05/19/11 - Institute unveils 2009-2010 annual evaluation report
FOR IMMEDIATE RELEASE
Siskin Children’s Institute unveils 2009-2010 annual evaluation report
Data-driven methods help the Institute measure program effectiveness and plan for the future
CHATTANOOGA, Tenn. – Siskin Children’s Institute has a strong 60 year history of making life better for those in need. Historically, its impact was measured through anecdotal information gleaned informally from those who were recipients of services.
Today, it is imperative for nonprofit organizations to have quantifiable data to demonstrate mission achievement, improve programs and confirm worthiness of donor and community goodwill and financial support. Thus, in 2006, Institute leaders took steps to implement a process to collect and analyze data that could be summarized into an annual evaluation report.
This step was timely. The Institute has experienced tremendous growth in its programs and services in recent years. In 2008, the Institute established a robust research department with doctorate-level researchers conducting evidenced-based studies in early childhood development and special education. In 2009, the Institute opened a second Early Learning Center and a subspecialty developmental behavioral pediatric center. Last year, the Institute adopted the Engagement Classroom Model at both Early Learning Centers, started a model autism program and began offering home visiting support to more than 150 families in a 10 county area.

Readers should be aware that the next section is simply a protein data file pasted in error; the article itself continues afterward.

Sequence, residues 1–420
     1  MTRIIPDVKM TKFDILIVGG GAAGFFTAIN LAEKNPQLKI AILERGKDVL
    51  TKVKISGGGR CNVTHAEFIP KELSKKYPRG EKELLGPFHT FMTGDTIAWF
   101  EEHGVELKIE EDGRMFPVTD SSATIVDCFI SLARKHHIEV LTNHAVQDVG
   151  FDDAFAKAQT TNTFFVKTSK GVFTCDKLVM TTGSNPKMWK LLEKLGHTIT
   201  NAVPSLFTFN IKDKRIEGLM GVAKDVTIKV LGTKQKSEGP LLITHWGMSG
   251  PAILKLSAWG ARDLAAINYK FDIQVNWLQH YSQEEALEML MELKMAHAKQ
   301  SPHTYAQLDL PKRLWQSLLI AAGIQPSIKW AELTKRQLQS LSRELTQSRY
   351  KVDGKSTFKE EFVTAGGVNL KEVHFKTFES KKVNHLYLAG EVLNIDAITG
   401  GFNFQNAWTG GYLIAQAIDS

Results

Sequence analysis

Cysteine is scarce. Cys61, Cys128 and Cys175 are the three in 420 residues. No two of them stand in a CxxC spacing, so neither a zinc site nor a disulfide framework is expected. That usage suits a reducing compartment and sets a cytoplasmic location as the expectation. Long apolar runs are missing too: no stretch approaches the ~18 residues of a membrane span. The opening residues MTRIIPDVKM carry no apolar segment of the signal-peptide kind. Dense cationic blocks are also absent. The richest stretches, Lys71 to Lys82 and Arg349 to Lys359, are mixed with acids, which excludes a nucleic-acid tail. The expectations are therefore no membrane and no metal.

“As our programs and services continue to grow in size and complexity, we must have reliable information from which to plan, execute and measure our work,” said Institute President and CEO Jerry Jensen. “A modern organization must demonstrate its merit through data-driven methods.”
The Institute recently unveiled its second evaluation report, covering the 2009-2010 fiscal year. To create the annual evaluation, a vast volume of data from dozens of sources is collected, organized and analyzed with detailed input from all Institute departments and programs. The report outlines specific goals and key findings that pertain to those goals in three overarching categories: impact with children, families and professionals.
The report revealed many positive outcomes. For example, the Center for Developmental Behavioral Pediatrics treated 614 children from 122 communities in six states, denoting significant progress toward the goal of meeting the healthcare needs of children with special needs in our region. An exceeding value of the report also is revealed in its ability to highlight areas for refinement, improvement and change within programs and services.
“The mechanics behind our outcomes program continues to evolve,” Ward Petty, Institute board chair, said. “As we hone our measurement methods, we will find ourselves more and more able to do real-time analysis and respond with timely strategic changes as needed.”
For more details about Siskin Children’s Institute’s 2009-2010 evaluation report, visit www.siskin.org/impact.